When I tell people my child has autism, they often fall silent. Then they tend to respond with reassurances or, worse, condolences. I realize their intentions are good; people are generally caring and concerned. But the fact is, no one has died.
Yes, we have experienced our share of struggles and, at times, even something approximating grief. But I wish people would save their sympathy for funerals. I also wish they wouldn’t bring God into it.
In the seven years since my son was diagnosed, I have heard countless clichés and explanations, including “God only gives you what you can handle” and “God has a plan for you.” None of us can speak with any authority about God’s master plan because no one knows.
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Let’s be clear: there’s nothing “special” about parenting a child with special needs. It is not a superpower that comes with a flashy red cape or a magic belt. If it’s a special mission or a divine assignment, God has not told me.
Sure, having a child with special needs means I have more responsibilities — extra appointments to go to, extra forms to fill in. But otherwise, my family looks much the same as anyone else’s. There are meals to cook, piles of toys and clothes to clean up, homework to help with. Like all parents, I love my kid hard and worry about him even harder. I’m also tired — okay, very tired — yet hopeful. Treating me like a “warrior” or “chosen one” is misguided.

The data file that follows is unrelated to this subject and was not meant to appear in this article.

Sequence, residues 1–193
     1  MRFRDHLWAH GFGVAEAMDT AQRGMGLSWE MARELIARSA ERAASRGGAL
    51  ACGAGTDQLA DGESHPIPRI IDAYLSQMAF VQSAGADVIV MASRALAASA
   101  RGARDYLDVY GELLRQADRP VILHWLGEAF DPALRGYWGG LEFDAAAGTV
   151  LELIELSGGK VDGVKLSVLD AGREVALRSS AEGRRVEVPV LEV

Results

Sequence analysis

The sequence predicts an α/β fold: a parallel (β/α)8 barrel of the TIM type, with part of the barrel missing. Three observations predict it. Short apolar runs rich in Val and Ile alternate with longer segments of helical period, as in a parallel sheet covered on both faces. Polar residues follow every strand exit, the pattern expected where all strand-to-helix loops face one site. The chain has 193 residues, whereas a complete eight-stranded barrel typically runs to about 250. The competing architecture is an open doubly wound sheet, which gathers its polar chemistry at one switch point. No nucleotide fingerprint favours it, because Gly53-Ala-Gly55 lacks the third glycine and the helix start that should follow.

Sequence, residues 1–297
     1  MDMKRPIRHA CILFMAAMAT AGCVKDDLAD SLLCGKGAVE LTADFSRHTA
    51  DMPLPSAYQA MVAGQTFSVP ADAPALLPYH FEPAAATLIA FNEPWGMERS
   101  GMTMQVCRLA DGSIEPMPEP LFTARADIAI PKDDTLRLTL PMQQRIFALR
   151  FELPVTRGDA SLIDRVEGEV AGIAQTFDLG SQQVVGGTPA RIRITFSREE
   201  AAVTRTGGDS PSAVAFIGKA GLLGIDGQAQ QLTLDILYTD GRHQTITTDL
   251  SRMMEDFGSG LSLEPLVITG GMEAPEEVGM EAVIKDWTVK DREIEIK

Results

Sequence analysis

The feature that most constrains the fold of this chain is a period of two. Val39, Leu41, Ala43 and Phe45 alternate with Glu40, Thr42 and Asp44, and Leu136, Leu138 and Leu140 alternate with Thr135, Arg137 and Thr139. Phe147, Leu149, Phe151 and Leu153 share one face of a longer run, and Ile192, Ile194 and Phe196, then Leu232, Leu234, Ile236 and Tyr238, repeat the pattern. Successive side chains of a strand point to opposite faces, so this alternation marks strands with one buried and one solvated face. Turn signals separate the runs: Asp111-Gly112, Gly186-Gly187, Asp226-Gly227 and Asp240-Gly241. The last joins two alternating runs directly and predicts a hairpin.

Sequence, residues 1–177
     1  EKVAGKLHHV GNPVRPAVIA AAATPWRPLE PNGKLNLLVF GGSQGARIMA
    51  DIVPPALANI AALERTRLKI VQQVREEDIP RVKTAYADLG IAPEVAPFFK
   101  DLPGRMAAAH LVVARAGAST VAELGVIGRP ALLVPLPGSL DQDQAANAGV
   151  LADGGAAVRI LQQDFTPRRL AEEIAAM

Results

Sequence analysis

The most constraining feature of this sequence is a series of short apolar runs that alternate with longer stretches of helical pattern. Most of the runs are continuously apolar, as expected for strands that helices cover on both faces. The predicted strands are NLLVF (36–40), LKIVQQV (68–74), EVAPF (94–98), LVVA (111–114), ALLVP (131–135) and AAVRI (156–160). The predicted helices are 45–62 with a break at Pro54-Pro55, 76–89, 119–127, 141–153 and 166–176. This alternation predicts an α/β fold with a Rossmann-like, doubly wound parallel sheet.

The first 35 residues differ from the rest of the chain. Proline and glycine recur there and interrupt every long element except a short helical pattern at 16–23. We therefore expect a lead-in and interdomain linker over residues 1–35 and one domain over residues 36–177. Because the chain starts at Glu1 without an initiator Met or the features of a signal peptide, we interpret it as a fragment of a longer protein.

Instead, see me for who I am: a mom doing the best she can. Open your mind. Ask questions and really listen to the answers. Buy me a cup of coffee (or a glass of wine). Make me laugh. Take the dog for a walk. If you’re so inclined, pray for my family. Your prayers are the spiritual equivalent of warm thoughts and positive vibes, which I welcome.
And if you feel the need to say something helpful, say: “I’m here. You’re not alone.” Then find ways to prove it. I’m not religious, but I’m pretty sure that’s what Jesus would have done.
This story was originally featured in Broadview’s July/August 2019 edition with the title “Watch your words.” To read more of Broadview’s award-winning content, subscribe to the magazine today.